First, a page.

The paintings will be dismounted at Kelvingrove in March 2003.
--Stanley ( EmailStanleyKHunter at compuserve dot com ) from Scotland on 21.9.2002; 22:21:58 Uhr
Kelvingrove Art Gallery & Museum is in Argyle Street. Dumbarton Road ends midway over Partick Bridge. The Kelvin was the border with the City of Glasgow and the police burgh of Partick.
--Stanley ( StanleyKHunter at compuserve dot comEmail ) from Scotland on 21.9.2002; 0:10:41 Uhr
Hi again! I am able to answer my own question thanks to an email I received. There is a site, American Federation of Arts Long Range Exhibition Schedule, www.afaweb.org/news/schedule.asp which shows many exhibits and where and when they will be shown for the next year and a half to two years. Just happens that the Millet to Matisse exhibit will be at the Joslyn Museum of Art, in Omaha NE, when we will be there visiting our daughter. We are very happy that we will be able to see it then. Hope you get a chance to see it, too.
-- Clara ( casa1308 at aol dot com ) from USA on 11.9.2002; 15:04:10 Uhr
Have read that some masterpieces from your art gallery will be in Louisville Kentucky this year. Titled "Millet to Matisse" ,I am curious as to the other art galleries in which these paintings will be exhibited. Hope some place near Chicago. Please advise. Thanks. C.A.
--Clara Arnold ( casa1308 at aol dot com ) from USA on 18.8.2002; 23:16:15 Uhr
I am doing a research on Mr. Alexander Stuart Boyd, a famous painter who lived in late 19th century and early 20th. I would be interested in getting a photograph from him, and as much information as possible about his life and work. Not necessary images of his paintings.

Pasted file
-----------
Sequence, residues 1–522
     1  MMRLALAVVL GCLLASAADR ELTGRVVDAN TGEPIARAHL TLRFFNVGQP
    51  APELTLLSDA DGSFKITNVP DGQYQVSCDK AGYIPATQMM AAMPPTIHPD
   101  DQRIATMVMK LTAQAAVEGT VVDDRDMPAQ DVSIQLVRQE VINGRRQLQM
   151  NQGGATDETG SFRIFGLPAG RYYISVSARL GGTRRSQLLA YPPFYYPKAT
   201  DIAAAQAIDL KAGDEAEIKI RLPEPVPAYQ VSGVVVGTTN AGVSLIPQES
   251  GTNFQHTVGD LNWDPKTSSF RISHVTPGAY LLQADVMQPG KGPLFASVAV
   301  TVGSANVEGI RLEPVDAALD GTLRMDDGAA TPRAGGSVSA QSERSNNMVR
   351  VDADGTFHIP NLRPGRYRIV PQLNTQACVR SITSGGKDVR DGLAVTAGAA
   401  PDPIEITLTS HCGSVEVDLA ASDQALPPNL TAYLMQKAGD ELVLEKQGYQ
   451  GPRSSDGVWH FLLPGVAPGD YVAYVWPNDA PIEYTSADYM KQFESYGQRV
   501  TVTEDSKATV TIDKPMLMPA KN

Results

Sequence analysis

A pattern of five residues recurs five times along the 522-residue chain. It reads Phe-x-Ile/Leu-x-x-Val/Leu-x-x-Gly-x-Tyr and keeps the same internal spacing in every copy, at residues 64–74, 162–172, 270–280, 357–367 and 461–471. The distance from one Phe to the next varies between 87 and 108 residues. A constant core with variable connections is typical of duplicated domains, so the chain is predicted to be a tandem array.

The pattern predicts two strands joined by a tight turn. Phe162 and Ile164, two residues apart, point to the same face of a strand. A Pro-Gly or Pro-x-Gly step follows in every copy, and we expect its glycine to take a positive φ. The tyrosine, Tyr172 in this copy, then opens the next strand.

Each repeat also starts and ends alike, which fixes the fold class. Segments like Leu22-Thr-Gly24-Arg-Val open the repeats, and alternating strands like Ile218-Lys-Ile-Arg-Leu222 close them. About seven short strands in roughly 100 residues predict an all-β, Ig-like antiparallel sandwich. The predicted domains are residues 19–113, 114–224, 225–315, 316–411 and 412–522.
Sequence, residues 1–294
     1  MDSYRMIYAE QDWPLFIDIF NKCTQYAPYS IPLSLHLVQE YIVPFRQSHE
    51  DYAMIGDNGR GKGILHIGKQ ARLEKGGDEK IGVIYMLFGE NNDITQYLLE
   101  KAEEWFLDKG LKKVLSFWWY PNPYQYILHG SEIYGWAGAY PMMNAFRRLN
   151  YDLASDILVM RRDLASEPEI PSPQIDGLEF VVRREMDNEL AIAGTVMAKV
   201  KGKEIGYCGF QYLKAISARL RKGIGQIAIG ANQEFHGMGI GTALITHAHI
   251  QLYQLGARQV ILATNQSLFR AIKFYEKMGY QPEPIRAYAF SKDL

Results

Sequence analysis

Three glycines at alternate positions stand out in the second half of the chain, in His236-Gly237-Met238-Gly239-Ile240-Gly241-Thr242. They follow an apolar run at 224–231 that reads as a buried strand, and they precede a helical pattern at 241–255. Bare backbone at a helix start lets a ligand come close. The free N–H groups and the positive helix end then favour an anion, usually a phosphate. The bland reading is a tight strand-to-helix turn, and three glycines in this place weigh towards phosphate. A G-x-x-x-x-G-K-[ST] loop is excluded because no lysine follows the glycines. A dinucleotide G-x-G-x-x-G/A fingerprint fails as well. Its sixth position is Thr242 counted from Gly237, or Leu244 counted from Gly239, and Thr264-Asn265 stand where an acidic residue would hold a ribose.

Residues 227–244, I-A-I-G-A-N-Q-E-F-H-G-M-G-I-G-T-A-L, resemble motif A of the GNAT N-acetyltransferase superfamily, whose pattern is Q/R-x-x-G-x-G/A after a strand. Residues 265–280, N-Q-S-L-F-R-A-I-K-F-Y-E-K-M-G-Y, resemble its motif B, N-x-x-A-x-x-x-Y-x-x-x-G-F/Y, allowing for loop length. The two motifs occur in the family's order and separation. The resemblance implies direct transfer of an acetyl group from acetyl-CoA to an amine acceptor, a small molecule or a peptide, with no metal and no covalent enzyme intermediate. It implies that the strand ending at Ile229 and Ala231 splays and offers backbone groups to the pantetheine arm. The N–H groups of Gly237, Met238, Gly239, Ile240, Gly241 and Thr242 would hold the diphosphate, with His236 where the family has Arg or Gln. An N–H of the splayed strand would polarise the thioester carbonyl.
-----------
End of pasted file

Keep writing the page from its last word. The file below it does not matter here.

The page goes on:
--Jaume Boada Salom ( jbs at oninet dot es ) from Spain on 5.8.2002; 23:27:00 Uhr
Kelvingrove Art Gallery & Museum is in Argyle Street. Dumbarton Road now only starts to the west, midway on Partick Bridge. The Kelvin is the boundary.
The Ghost Shirt exhibit is now on display on the first floor north balcony of the museum.
Dutch renaissance paintings? Think not, but outstanding classic Flemish work is on show.
Glasgow has arguably best civic art collection in Europe, not just Scotand.
The construction of the building was celebrated by the 1901 Glasgow International Exhibition of Art, Science & Industry. Architects had to design a building which could be approached by VIPs to the exhibition from Park hill (after comfort stop at Lord Provost's residence).
The building had to show respect to the senior edifice of Glasgow University with an imposing State Porch (north entrance).
The Carriage Porch (south entrance) was then not directly accessible from the main street (then called Dumbarton Road) as a building called the Grand Avenue blocked access. It was ruled that it would have to be as imposing as the State Porch entrance, but different. The Gallery was partly financed by the profits of the 1888 International Exhibition, Glasgow, also staged in Kelvingrove Park.
The main architect 1897-1901 certainly didn't jump. He went on to receive architectural honours from all over the world and later designed the British Empire Exhibition at Wembley 1924-25 - which was arguably not so spectacular as Kelvingrove in 1901.
Stanley K Hunter
--Stanley K Hunter ( StanleyKHunter at compuserve dot com ) from Scotland on 9.11.2000; 0:00:00 Uhr
Regarding your comments on Glasgow's Art Gallery and Museum;
It wasn't build "the wrong way around" either by accident or intentionaly.
It was build in an age where people actually had use of their legs and
walked places. The idea was that you would approach the Art Gallery by
strolling through Kelvingrove Park. The tradesman's entrance was
logically built at the rear of the building by the road where
goods could be delivered.
So it's not so much that the Gallery was built the wrong way around, but
more that our 20th/21st Century idea of what's more important, the park
or the road, that are the wrong way around.
--G.S.Sinclair ( e-mail at yourhost dot com ) from Scotland on 18.10.2000; 0:00:00 Uhr